Even as fixes continued on back-end features of the system, enrollment counselors said the consumer-facing front end was working noticeably better - but still was not free of glitches or delays. As Carney acknowledged, some of Monday morning's visitors were shuttled into a queue and advised when to return for speedier service. That's actually an improvement to handle high volume, he said.
IThe health care law offers subsidized private insurance to middle class people who don't have access to job-based coverage. The White House is aiming for 7 million people to enroll for private plans through new state-based marketplaces also called exchanges. Low-income people will be steered to an expanded version of Medicaid in states accepting it. People have until Dec. 23 to sign up for coverage that starts on Jan. 1.
An even bigger enrollment surge is expected the first part of next year, ahead of a March 31 deadline to avoid the law's tax penalties for those who remain uninsured.If consumers still have unresolved issues, so do the feds. Among them:
THE BACK ROOM
Private insurers complain that much of the enrollment information they've gotten on individual consumers is practically useless. It is corrupted by errors, duplication or garbles. Efforts to fix underlying problems are underway, but the industry isn't happy with the progress and is growing increasingly concerned.
Over the weekend, as government officials trumpeted improvements to the website, the leading industry trade group pointedly called attention to the data mess. The president of the largest health insurance trade group said the website fix won't be complete until the entire system works from end to end. Karen Ignagni, president of America's Health Insurance Plans, raised the prospect that consumers might not be able to get access to needed benefits Jan. 1.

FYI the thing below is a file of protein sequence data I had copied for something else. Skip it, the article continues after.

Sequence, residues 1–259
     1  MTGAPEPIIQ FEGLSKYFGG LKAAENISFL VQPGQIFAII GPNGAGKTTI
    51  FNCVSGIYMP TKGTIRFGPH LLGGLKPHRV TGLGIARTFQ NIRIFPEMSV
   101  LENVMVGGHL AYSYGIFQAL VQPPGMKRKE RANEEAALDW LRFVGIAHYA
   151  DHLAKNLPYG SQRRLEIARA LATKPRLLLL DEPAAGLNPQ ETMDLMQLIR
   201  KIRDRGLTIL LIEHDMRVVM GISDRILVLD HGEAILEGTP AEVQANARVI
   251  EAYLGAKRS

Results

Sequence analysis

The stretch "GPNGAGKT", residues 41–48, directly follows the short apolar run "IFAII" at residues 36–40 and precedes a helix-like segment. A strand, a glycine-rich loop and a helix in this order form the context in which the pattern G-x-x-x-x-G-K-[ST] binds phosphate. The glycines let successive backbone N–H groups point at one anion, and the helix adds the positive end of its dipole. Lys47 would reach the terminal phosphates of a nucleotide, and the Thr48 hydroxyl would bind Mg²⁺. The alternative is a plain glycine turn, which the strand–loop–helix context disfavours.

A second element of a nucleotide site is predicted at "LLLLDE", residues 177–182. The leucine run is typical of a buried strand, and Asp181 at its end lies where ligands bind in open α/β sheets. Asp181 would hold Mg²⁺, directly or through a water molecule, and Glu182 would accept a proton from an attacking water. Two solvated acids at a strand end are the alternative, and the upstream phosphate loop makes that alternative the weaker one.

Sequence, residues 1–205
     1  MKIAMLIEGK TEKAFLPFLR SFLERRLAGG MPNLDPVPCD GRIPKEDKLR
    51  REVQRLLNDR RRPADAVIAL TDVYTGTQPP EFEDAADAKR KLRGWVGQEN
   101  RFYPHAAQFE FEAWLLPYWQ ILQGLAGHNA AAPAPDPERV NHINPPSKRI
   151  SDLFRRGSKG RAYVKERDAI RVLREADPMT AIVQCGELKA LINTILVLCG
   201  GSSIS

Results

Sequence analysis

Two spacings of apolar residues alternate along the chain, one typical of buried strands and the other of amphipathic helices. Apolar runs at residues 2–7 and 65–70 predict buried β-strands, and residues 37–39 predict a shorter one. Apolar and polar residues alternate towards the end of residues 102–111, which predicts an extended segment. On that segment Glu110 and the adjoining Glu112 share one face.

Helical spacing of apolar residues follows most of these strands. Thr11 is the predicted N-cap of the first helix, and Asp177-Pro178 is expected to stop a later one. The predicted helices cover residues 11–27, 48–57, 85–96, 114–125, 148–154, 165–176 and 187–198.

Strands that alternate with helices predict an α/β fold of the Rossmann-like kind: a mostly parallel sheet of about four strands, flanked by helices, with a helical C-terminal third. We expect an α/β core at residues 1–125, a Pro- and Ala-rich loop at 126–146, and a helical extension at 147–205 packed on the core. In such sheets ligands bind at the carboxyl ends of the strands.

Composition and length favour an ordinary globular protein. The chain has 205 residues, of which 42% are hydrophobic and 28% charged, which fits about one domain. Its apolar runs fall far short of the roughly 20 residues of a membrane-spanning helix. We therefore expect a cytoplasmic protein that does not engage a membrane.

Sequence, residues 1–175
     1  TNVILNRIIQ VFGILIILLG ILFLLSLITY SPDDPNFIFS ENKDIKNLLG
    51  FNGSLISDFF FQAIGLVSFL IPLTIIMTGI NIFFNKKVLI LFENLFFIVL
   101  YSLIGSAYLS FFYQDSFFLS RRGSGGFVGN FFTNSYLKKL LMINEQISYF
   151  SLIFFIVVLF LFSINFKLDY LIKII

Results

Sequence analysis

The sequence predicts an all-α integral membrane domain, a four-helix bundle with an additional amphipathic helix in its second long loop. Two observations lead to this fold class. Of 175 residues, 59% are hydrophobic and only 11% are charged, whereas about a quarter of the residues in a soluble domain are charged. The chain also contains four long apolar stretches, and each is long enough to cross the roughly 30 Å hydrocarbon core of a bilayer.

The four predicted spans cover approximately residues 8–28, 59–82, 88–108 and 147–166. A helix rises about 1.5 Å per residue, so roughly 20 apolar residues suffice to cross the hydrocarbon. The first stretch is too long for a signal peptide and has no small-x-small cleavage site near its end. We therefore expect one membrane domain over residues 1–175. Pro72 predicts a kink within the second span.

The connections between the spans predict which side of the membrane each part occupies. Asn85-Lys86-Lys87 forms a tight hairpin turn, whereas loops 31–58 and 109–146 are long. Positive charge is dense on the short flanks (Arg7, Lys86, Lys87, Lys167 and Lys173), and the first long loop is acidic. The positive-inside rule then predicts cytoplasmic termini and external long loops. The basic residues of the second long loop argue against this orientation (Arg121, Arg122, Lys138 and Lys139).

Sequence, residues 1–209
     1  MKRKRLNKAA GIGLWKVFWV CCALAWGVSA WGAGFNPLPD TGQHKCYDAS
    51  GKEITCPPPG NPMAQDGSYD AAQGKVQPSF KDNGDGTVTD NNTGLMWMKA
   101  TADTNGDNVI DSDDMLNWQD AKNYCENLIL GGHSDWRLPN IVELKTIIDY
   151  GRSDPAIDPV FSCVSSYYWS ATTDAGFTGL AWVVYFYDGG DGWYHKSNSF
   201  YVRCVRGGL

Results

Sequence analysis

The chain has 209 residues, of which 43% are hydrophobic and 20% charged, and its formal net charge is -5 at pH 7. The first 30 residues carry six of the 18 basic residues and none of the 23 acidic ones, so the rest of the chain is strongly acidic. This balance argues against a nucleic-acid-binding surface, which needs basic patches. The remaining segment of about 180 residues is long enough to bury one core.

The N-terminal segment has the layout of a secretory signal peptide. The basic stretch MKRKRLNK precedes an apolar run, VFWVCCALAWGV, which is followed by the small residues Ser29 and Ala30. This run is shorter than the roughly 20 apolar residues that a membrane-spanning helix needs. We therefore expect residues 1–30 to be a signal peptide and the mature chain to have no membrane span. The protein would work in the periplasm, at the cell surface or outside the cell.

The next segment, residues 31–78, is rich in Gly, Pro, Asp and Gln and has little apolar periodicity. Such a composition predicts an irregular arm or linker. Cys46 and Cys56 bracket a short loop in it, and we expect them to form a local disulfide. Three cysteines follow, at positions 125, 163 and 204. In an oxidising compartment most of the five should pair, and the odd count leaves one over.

"There really needs to be an intense focus now on the back end of the process," said Joel Ario, who oversaw initial planning for the insurance marketplaces in the Obama administration and is now a top consultant with Manatt Health Solutions.
Administration spokeswoman Julie Bataille said that's already happening. More than 80 percent of insurers' problems were due to one bug that affected Social Security numbers, she said. That's been fixed.
CRAFTING A NEW PITCH
Largely because of the federal website problems, major advertising campaigns encouraging everyone from the young and hip to the middle aged and health conscious to enroll have been put on hold.
The worry now is that the technology debacle may have done lasting harm to the outreach plan. And even a revamped website with new bells and whistles is going to have to compete for attention with the year-end holidays.
"The real question in my mind is can they turn around the messaging?" said Caroline Pearson, who is tracking the overhaul for Avalere Health, a market analysis firm. "They've had eight weeks of terrible press. Can they begin to reach out with a message of things are fixed and we're back on track?"
It's unclear how much candor will creep into the pitch. Some enrollment counselors feel a need to acknowledge the problems.
Looking back on the weeks of failed attempts to enroll people through the marketplace, Spencer, in central Illinois, laments the feelings of broken trust.
"We told them we were here to help them and we (couldn't) help them," she said.
Still, some people returned again and again to keep trying to get through the process. "They keep trusting us and they keep coming back," Spencer said.
President Obama will focus on the broader benefits of the health care plan Tuesday at a White House event where he'll be flanked by people the administration says have been helped by the law. He'll also take aim at Republicans, arguing the GOP is trying to strip away those benefits without presenting an alternative.